There were signs that the sink had been leaking for some time. There was evidence that the floorboards had started rotting out. I needed to go down to the basement to investigate this further.
I was not prepared for what I saw.
Not even in my wildest imagination could I image how bad the things at which I was looking could be. The smell was overwhelming. The sewer and drain had backed up and there was a substantial puddle of sewage on the basement floor next to the floor drain. It was clearly from the toilet. I almost lost it right there. I have no idea why I didn’t. TJ couldn’t even come further down than the top of the steps. He left for upstairs.
My experience from doing sewer-work for all those years taught me how to deal with the smell. I also knew that the gases could be dangerous so I needed to immediately open up the windows to air out the fumes.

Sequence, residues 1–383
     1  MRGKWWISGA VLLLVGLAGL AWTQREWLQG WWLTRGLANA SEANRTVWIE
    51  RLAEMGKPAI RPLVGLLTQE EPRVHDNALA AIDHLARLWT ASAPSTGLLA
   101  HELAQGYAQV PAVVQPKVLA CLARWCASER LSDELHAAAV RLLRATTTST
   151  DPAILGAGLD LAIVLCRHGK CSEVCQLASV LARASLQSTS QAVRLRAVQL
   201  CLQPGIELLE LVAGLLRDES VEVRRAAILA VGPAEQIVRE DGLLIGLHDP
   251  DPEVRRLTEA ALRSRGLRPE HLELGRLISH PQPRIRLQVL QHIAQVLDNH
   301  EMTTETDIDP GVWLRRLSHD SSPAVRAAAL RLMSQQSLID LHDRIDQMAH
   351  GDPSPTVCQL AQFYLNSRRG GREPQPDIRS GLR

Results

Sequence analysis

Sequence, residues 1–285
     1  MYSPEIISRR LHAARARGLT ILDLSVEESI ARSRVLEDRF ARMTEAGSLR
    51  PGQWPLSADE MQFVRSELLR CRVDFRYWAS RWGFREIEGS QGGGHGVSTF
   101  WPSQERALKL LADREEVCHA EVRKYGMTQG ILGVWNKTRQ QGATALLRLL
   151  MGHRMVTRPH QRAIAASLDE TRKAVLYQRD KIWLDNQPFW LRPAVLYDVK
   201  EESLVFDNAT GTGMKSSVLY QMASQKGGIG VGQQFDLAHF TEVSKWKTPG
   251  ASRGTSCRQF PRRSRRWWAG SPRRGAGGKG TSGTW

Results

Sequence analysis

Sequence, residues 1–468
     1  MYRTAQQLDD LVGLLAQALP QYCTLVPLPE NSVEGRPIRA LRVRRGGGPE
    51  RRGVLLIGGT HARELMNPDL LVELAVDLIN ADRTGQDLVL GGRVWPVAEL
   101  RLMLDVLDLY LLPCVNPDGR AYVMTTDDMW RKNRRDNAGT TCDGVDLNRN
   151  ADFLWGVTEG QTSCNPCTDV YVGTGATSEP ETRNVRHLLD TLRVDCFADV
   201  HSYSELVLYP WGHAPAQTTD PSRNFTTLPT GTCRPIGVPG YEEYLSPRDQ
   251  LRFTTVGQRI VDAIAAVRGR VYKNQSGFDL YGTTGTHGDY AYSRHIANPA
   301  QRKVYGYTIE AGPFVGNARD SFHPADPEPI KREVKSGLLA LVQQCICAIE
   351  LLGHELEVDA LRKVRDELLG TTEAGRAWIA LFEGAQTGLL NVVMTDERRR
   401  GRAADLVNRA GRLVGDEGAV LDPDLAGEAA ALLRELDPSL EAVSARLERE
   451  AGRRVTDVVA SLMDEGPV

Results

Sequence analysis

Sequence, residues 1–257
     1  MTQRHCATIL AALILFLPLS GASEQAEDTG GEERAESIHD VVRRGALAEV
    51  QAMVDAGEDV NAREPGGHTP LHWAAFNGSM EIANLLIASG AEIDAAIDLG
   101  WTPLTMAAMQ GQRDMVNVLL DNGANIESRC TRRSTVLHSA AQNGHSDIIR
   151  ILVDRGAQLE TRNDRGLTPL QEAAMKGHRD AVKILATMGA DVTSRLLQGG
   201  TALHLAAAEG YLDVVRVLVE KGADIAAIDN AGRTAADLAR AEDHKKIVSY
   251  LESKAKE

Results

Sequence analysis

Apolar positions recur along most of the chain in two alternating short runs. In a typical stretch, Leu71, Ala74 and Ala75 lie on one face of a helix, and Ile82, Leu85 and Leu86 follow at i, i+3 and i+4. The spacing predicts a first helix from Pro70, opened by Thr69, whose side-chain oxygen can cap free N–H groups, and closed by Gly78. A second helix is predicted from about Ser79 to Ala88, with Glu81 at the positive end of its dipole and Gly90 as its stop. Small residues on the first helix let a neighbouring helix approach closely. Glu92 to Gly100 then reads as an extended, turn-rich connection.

While airing out the basement I went back upstairs and told Ms D what I had found. I also asked how long she noticed the drain backing up and if she had noticed the sewer smell. She told me that the drain had been acting up for a few months but that she just added Drano ever day and by morning it was better.
I nodded. What else could I say or do. I explained that I would have to get a professional plumber to come in as the problem was a way bigger than I could handle. She appeared very reluctant at this development. I explained that it had to be done due to the the health-danger. I told here that I would help get it cleaned up because I didn’t think any plumber would come into the house in this condition. I insisted that she not add anymore Drano, and to conserve on the use of water or so it wouldn’t keep backing up. I told her that I would be over early in the morning and we could decide then, how to best proceed. She acted very relieved,but I could see she was visibly shaken, upset, and ashamed.
I reassured her everything would be alright. I had no idea how, or if this was going to be the case, it simply was the only response I could give at this time. However, I think it was as close to a bold faced lie as one could get. I simply had no idea, whether or not, if things were going to be alright. I just acted as though they were.
I simply went on faith.